Historically, art is a thing for the rich, to be enjoyed by the wealthy and a pastime for people whose lives are subsidized by the well off. In an art market driven by million dollar auctions of Van Gogh classics and franchised spin-offs of Bateman prints, art has always commanded respect, because it bestows legitimacy onto its owners by virtue of its market value defining 'taste.' Art galleries and museums are spaces cordoned off from the ruder masses, but heavily subsidized by working people's money through private and government grants.
Corporate Canada supports these artistic spaces because decisively unglamorous businesses like Wal-Mart and Esso need the glamour and prestige of the art-world to rub off on them. After exploiting natural resources and de-populating indigenous populations into involuntary resettlements, companies like Chevron need to buy respectability in the world, and they do this through culture. We have every right to ask, Who is this culture created for? Who is expected to enjoy it? What are the messages this culture conveys? We need to have different ways of seeing art all around us, and we have to ask: "Where am I in this picture?"
When a yuppie corporate-art fuck decides he doesn't like the graffiti in the alley way leading up to his studio because it devalues his property, he is saying people of color who do not belong in this neighborhood have shown evidence of their entry. That means my land is no longer safe and therefore people will not pay as much to purchase it should I decide to sell it. He is also saying people without a lot of education or class, meaning poor people, have had the gall to show evidence of their lives near mine. Their scent makes my land smell bad to others who only want to smell money.
What this corporate art fuck is doing is re-staking the stranglehold corporate culture already has on most of our lives. Youth are a demographic relentlessly targeted by marketing scams engineered by record labels, clothing designers and other major cultural industries. Clothes as status symbols, corporate branding, collectible flash, the whole gamut of consumer frenzy are tailored for youth. Cultures youth create are criminalized, pathologized, shut down, and silenced, and the powers that be start worrying about losing control of the youth. What is preferred is a generation of unquestioning consumers, primed to buy.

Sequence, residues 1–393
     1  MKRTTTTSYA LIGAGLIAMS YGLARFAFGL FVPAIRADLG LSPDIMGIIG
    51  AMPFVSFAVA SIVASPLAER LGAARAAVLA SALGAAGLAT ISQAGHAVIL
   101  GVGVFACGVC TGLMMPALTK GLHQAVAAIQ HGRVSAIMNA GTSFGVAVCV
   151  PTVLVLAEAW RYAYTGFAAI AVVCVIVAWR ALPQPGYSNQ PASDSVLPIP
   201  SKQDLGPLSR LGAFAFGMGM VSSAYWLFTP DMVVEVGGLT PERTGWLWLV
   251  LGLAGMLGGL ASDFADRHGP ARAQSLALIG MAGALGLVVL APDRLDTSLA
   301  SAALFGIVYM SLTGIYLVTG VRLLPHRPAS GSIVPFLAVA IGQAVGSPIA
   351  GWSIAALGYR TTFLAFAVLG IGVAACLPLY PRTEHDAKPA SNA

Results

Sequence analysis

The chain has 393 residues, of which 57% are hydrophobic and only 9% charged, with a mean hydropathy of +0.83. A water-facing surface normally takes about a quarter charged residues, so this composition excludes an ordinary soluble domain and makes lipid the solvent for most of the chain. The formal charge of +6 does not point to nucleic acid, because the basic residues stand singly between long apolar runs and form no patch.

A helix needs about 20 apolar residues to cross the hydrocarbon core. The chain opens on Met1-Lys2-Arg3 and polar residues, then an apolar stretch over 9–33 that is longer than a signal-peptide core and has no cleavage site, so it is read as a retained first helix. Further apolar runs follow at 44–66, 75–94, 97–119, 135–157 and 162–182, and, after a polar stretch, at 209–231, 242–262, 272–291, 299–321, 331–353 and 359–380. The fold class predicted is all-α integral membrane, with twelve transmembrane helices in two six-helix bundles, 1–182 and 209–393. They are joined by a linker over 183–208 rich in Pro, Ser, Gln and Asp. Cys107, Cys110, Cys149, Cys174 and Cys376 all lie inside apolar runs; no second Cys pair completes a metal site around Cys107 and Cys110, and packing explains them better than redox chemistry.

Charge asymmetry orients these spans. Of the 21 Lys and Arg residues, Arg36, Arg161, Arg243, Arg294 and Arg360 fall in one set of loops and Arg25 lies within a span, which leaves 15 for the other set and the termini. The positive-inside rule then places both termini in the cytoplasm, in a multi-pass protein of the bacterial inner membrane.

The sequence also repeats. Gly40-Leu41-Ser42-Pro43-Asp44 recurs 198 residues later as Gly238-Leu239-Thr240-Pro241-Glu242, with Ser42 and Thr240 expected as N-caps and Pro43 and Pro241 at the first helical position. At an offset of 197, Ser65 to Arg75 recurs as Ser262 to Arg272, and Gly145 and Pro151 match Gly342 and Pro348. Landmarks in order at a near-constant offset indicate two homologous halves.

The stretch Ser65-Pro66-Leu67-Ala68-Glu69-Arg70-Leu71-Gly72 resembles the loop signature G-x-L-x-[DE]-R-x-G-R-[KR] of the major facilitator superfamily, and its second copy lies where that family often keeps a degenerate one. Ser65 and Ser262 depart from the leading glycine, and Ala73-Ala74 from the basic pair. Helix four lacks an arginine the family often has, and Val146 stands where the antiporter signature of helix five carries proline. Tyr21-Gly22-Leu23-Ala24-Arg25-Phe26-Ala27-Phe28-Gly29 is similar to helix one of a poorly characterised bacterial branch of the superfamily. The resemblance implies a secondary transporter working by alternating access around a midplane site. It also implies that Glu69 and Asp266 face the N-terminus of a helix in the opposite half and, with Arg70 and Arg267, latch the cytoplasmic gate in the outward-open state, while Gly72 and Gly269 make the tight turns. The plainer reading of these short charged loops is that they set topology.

Ads swath the city in all their brain-wishy-washy glory, from toilets to highway lawn-sides to subway tunnels. Ads speculate about a world that's never really ours, and make most of us hate our clothes. The minds behind ads are a collective project of some of the hardest working creative minds in our society today, who work feverishly away to design cutting edge campaigns for toothpaste, shoes, and gum.
Advertising is so dominant that we don't really even think about it anymore. This is where ads do their more effective work, when we stop thinking and react emotionally, triggered by subliminal cues. So intimate is our knowledge of ad language and the routine of the sales pitch--such educated consumers we are--that they don't even have to do half the set up work they used to.
Corporate graffiti -- buses wrapped in advertisements, commercials in classrooms and childcare centers sponsored by multinational corporations -- are the real danger. With the tacit approval of our government and the protection of our police force, corporations have re-manufactured public space as controlled sites of incessant commerce. Forget about property. What about our freedom?
Min Sook Lee is a writer, trade unionist, and artist living in Toronto. Her own community art project, a series of environmentally-themed murals on the sides of the city's garbage trucks jointly painted by artists, environmentalists and sanitation workers, was censored by Toronto's City Council when one City Councilor deemed a mural 'offensive'. The censored mural criticized the municipal government's decision to export garbage into landfills.